Innovation on top of innovation continues to accrue at the Peña Station NEXT, a 382-acre, transit-oriented smart city near Denver International Airport where Panasonic Enterprise Solutions (pictured), Xcel Energy, Denver International Airport, Younicos, and LC Fulenwider, Inc. in 2017 partnered on a solar+storage microgrid that deploys the battery energy storage system for five complementary use cases.

Xcel Energy’s Program Menu Serves Companies Hungry for Growth

Special Economic Development Rates: In Wisconsin, companies have a choice between a revenue-based construction allowance for distribution extension to serve the new electrical load or a five-year waiver of distribution demand charges (with no construction allowance).  

The special rate was integral to $22 million in improvements made by Hewlett Packard Enterprise to a new Global Center of Excellence for High Performance Compute Manufacturing in Chippewa Falls, Wisconsin. Special EDRs are available in Minnesota and Colorado too. 

The utility’s Certified Sites, Ready Sites and Ready Buildings programs are robust. The total real estate program today includes 44 Certified Sites encompassing 14,000 acres; 12 Ready Sites totaling 1,600 acres; and 33 Ready Buildings totaling 10 million sq. ft.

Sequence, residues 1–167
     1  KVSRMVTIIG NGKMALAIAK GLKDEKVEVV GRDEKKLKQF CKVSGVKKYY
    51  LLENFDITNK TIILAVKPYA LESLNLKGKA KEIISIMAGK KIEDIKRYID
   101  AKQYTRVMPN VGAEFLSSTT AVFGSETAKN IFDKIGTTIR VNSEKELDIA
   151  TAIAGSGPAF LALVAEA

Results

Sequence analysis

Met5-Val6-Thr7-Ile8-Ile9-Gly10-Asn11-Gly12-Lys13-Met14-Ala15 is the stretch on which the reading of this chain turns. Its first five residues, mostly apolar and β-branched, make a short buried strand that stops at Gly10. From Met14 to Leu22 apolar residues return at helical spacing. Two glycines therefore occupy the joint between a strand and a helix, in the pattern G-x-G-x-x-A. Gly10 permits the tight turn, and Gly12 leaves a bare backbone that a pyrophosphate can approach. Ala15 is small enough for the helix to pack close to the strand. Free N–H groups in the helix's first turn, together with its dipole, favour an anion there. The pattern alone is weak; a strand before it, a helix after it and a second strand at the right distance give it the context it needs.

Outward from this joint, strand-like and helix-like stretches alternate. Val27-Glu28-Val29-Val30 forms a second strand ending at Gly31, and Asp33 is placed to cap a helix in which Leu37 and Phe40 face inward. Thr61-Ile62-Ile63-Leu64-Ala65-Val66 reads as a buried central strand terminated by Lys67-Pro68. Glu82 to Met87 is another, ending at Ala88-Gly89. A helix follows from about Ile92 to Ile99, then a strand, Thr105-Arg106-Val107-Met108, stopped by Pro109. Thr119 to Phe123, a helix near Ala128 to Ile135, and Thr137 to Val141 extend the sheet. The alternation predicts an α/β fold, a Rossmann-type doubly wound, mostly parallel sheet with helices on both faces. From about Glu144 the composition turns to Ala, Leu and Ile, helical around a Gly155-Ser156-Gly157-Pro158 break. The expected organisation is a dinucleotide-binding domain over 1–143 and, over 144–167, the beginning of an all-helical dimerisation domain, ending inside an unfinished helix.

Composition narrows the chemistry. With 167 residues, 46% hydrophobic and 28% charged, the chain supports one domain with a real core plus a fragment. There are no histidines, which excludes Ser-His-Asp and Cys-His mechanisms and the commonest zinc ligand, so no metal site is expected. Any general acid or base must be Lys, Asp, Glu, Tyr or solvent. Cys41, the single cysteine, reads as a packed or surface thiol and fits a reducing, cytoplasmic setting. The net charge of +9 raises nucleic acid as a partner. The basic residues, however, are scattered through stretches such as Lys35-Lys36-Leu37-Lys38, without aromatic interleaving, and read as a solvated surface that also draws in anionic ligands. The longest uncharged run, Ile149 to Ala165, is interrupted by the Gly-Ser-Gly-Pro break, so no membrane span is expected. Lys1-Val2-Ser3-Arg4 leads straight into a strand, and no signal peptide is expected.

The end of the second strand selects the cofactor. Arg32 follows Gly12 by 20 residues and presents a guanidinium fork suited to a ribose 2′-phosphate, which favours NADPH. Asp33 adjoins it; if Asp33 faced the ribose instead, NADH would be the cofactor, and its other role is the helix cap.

Empower Facilities is a turnkey solution that delivers facility system upgrades to improve energy efficiency and reliability, meet sustainability goals and reduce costs. 

Empower Intelligence takes things one step further by delivering powerful reporting and monitoring solutions for a customer’s electricity, natural gas and water usage. “Commercial real estate, manufacturing, cities and schools alike use Empower Intelligence to save energy expense and boost staff productivity,” Xcel explains.

Empower Resiliency is a new solution offering now available in Minnesota and Wisconsin that will provide a convenient, affordable option for customers to increase their energy resiliency. The new program provides analysis, design, construction and maintenance of resiliency equipment for an extra layer of reassurance behind Xcel’s 99.9% power reliability.

2022 saw the launch of the Xcel Energy Corporate Economic Development Grant Program, designed to stimulate growth, job creation and capital investment within communities Xcel serves by providing funds to drive industrial development.

Adam Bruns
Editor in Chief of Site Selection magazine

Adam Bruns

Adam Bruns is editor in chief and head of publications for Site Selection, and before that has served as managing editor beginning in February 2002. In the course of reporting hundreds of stories for Site Selection, Adam has visited companies and communities around the globe. A St. Louis native who grew up in the Kansas City suburbs, Adam is a 1986 alumnus of Knox College, and resided in Chicago; Midcoast Maine; Savannah, Georgia; and Lexington, Kentucky, before settling in the Greater Atlanta community of Peachtree Corners, where he lives with his wife and daughter.